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Bebop Spoken There

Aubrey Logan: "I chose trombone because trombone just kicks my ass, and I needed to do something that was hard" - (DownBeat June 2019).

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2019 Parliamentary Jazz Awards

The voting is open between now and May 31 to enable site visitors to nominate their choices in the various categories of this year's APPJAG awards which can be done here.
BSH was very proud to be nominated and to win the 2018 Media Award and hope we can have your support again this year.

Today Thursday May 23

Afternoon

Jazz

Vieux Carré Jazzmen - Holystone, Whitley Rd., Holystone NE27 0DA. Tel: 0191 266 6173. 1:00pm. Free.

Evening

Jazz

Elina Duni + Trio FCT - Black Swan, Newcastle Arts Centre, Westgate Road, Newcastle NE1 1SG. Tel: 0191 222 9882. 8:00pm. £10.00. & £8.00.

Tees Hot Club w. Richie Emmerson (tenor sax); Donna Hewitt (alto sax); Dave Archbold (keys) - Dormans Club, Oxford Road, Middlesbrough TS5 5DT. Tel: 01642 823813. 8:30pm. Free.

Maine Street Jazzmen - Sunniside Social Club, Hollywell Lane, Sunniside, Gateshead NE16 5NA. Tel: 0191 488 7347. 8:30pm. Free.

New Orleans Preservation Jazz Band - Oxbridge, Oxbridge Lane, Stockton on Tees TS18 4AW. 8:30pm. £2.50.

To the best of our knowledge, details of the above events are correct but may be subject to alteration.

Friday, May 22, 2015

Triptych @ The Lit & Phil. May 22

Paul Edis (piano & clarinet), Paul Susans (double bass) & Rob Walker (drums)
(Review by Russell)
Triptych are: left panel Paul Edis, centre panel Paul Susans, right panel Rob Walker. The canvases prepared by Edis (composer of four of the eight numbers performed), form kept in perspective by Susans, watercolour fills applied by Walker. Classical English pastoral, broad-brush swing time sections, beer-fuelled, early morning groove.
The Lit & Phil’s monthly Friday lunchtime sessions continue to draw the crowds. Those in the know knew this was sure to be a good one and it was. The audience listened in the knowledge that the performance was being recorded. How High the Moon began the one hour set. A jazz piano trio master class – as simple as that. Edis composed Montage in a state of anguish/delirium/despair during a mind-numbing stint in the orchestra pit at one of the region’s many pantomimes (think of the money, Paul!). Composed in the quest for creativity, it largely succeeded. Oh, yes it did! Edis’ Murmurations (ask an ornithologist) threatened to lay claim to the tune of the afternoon; piano intro hinting at Misterioso, the bass line manfully kept on the straight and narrow by the bar stool-perched Susans, Rob Walker’s drumming razor-sharp in response to every subtle compositional shift.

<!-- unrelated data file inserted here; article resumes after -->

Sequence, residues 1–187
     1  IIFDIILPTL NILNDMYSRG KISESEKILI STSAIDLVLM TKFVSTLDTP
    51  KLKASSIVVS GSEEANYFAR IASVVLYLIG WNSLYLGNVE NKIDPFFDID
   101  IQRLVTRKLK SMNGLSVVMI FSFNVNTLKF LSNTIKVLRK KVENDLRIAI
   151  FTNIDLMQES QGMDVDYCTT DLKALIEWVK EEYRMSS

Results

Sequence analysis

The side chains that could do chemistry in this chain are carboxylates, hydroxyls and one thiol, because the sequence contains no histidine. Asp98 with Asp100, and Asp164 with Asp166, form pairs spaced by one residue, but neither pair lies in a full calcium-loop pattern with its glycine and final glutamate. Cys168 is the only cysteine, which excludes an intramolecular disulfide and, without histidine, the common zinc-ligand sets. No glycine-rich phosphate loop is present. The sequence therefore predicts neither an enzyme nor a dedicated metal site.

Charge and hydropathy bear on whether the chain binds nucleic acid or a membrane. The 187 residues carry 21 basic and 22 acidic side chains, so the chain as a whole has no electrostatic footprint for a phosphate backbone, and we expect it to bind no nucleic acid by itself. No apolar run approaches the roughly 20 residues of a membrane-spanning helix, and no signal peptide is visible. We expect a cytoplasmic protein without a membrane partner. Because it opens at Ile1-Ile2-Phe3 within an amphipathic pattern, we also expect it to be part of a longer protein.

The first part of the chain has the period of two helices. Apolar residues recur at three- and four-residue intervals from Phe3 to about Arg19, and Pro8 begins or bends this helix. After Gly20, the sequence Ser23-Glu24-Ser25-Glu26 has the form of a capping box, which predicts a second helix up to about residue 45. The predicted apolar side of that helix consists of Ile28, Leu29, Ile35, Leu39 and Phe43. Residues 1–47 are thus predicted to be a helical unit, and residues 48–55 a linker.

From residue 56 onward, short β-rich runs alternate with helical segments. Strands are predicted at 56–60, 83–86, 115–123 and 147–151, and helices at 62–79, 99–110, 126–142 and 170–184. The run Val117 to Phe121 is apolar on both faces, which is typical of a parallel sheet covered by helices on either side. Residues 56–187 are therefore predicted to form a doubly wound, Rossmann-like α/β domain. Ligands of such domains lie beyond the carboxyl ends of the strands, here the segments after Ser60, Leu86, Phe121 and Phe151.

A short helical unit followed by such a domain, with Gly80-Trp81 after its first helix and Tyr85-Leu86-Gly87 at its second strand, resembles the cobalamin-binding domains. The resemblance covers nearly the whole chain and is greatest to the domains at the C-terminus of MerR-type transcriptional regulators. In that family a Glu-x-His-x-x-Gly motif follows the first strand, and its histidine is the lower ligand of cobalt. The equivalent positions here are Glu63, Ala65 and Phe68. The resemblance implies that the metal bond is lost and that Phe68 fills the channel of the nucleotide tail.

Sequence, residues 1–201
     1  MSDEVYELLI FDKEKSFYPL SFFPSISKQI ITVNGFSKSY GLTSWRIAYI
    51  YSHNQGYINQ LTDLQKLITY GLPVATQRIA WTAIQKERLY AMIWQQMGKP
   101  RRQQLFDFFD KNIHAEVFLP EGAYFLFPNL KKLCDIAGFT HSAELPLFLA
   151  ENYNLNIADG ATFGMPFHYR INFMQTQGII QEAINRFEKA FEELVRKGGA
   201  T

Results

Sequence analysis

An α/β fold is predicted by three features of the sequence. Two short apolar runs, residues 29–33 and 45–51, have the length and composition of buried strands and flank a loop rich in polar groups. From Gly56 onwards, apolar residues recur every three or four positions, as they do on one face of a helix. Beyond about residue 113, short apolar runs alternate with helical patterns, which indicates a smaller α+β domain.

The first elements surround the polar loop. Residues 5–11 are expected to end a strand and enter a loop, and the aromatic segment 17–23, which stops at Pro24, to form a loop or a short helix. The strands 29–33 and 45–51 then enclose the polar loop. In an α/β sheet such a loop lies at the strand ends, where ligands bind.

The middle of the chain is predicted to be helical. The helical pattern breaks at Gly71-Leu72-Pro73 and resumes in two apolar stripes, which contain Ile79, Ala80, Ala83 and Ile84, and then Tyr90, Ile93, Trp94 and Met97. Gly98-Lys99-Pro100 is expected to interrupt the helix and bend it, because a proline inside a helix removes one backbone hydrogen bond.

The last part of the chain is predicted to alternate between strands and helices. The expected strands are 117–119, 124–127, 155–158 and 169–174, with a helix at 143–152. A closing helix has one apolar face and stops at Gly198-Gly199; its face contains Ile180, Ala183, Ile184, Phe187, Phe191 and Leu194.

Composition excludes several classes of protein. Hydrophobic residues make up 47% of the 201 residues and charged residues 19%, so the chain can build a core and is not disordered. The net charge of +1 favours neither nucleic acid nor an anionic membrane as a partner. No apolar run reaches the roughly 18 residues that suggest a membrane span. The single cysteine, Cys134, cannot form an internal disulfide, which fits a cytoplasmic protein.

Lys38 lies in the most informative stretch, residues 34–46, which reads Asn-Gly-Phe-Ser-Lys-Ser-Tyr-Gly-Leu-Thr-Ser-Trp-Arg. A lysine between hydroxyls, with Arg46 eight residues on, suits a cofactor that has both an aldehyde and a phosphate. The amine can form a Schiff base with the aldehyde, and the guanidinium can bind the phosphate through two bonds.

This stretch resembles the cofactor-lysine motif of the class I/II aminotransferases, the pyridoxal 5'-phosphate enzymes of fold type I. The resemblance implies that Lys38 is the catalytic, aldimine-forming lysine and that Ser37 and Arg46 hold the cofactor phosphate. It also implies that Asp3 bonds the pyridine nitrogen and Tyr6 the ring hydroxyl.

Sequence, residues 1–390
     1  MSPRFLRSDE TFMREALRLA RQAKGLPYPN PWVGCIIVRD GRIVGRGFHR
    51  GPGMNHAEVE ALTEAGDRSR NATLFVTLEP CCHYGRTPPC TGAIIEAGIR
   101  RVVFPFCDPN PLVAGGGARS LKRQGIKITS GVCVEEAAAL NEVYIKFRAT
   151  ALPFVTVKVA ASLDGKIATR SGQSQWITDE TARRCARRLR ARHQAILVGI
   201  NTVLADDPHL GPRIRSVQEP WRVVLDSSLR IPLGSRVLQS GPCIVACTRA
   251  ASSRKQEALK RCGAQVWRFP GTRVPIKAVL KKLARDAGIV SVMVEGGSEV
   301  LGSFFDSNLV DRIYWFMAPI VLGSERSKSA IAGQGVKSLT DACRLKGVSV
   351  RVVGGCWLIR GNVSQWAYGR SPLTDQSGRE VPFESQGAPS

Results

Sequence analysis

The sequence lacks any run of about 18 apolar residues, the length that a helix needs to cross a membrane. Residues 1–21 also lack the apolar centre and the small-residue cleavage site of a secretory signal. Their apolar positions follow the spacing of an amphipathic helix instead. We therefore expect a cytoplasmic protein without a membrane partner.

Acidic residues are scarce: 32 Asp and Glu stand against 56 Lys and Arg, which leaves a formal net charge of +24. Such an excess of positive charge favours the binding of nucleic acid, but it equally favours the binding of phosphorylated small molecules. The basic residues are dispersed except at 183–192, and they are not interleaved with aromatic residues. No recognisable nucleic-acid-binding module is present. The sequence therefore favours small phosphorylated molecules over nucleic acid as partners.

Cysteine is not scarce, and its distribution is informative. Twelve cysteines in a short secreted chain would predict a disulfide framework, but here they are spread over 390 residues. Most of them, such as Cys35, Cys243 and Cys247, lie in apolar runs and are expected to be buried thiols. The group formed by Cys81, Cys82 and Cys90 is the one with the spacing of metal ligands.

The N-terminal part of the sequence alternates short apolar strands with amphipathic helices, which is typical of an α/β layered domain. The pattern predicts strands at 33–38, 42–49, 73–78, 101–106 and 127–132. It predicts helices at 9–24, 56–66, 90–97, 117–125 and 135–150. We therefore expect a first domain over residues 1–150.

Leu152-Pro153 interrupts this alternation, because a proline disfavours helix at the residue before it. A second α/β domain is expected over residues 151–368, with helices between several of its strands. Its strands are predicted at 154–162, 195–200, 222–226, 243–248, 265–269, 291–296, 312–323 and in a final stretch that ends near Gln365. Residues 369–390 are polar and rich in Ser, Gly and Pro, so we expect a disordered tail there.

Paul Susans’ Beer For Breakfast hit a groove and kept right on. The Pilgrim Street Set’s monthly residency at Hoochie Coochie (the Triptych boys are involved) could appeal to those who got this one. Dark Ages went back in time to …the Dark Ages. Edis switched to clarinet, partially closing the triptych panels, slowly sketching a quasi, ancient Indian tune (Walker’s hand drumming exemplary). Edis’ panto blues found him reading a book about JS Bach. It proved to be the creative spur resulting in Cerebral. Cerebral? Perhaps. Great playing, for sure. Bach must have been an outstanding improviser. Just imagine if, one day, the man walked in to the Lit & Phil (or Jazz Café) asking to sit in! As Triptych set about tackling the piece Susan’s peered at the score and said (in jest): What do these things here mean?
To close the afternoon’s entertainment Edis announced Percy Grainger’s English Country Garden. Previously played as a solo piano piece, this trio version worked well. Township jazz, or suggestions of it, could be heard. Perhaps Edis could arrange the tune for a sextet (horns) feature. Next month’s session features the Mo Scott Trio. Ms Scott – Empress of the Blues – will be in the company of Paul Edis and bassist Neil Harland. Expect jazz and blues. Expect it to be good, very good. The date for your diary: Friday 19 June (1:00pm).      
Russell.              

1 comment :

Lance said...

Russell/Paul, correct me if I'm wrong but I've always thought Percy Grainger's adaptation was titled simply "Country Gardens". It was only when words were added and recordings made by Jimmie Rodgers, Rolf Harris and others that it became "In an English Country Garden". So, unless Paul was singing, perhaps the original title should have been retained.

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